Laclede provided to CCB.
The Federal Communications Commission has made a declaratory ruling that prior
express consent to call a consumer’s cellular telephone number is satisfied when a consumer
provides her cellular number to a creditor. In the Matter of Rules and Regulations Implementing
the Telephone Consumer Protection Act of 1991, 23 F.C.C.R. 559, 564-565 (2008).6 In,
addition, the FCC has ruled that “[c]alls placed by a third-party collector on behalf of that
creditor are treated as if the creditor itself placed the call.” Id. See Adamcik v. Credit Control
Services, Inc., 832 F. Supp.2d 744, 748 (W.D. Tex. 2011)(providing cell phone number to
creditor constitutes prior express consent to use autodialer calls related to debt collection efforts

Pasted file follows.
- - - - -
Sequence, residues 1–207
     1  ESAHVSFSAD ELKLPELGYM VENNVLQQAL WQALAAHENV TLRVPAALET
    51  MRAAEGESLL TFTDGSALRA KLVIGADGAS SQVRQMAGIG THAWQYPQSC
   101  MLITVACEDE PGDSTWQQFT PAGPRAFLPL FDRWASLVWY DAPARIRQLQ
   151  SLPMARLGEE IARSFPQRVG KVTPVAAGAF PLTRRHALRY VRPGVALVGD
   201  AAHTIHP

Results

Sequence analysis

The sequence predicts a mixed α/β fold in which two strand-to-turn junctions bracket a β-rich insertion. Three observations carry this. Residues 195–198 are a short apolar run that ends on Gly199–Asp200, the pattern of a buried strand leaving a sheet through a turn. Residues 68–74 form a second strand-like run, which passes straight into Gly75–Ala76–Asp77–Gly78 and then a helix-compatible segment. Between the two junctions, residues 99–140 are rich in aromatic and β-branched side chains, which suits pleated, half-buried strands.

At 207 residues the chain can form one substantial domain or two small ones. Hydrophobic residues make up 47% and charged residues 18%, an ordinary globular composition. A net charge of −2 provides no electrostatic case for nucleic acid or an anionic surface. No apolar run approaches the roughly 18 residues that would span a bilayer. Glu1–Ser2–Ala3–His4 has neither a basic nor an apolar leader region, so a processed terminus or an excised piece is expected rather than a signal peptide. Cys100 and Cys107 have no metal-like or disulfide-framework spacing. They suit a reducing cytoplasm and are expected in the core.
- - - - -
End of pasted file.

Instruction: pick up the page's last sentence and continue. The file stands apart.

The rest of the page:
made by creditor’s debt collector); Brook v. Suncoast Schools, FCU, 2012 WL 6059199, 4
(M.D. Fla. 2012)(the provision of a cell phone number to a creditor reasonably evidences prior
express consent by the cell phone subscriber to be contacted at that number regarding the debt).
CCB has presented evidence that Moore gave her cell phone number to Laclede on
August 24, 2009. Laclede in turn provided this contact number to CCB. In her deposition
Moore stated that she contacted Laclede and put the gas service in dispute in her name in 2004.
[Doc. # 30, Ex. C, Pl.’s Dep. at 42] Moore stated further that she never called Laclede to discuss
The applicable part of the ruling states: “Because we find that autodialed and
prerecorded message calls to wireless numbers provided by the called party in connection with an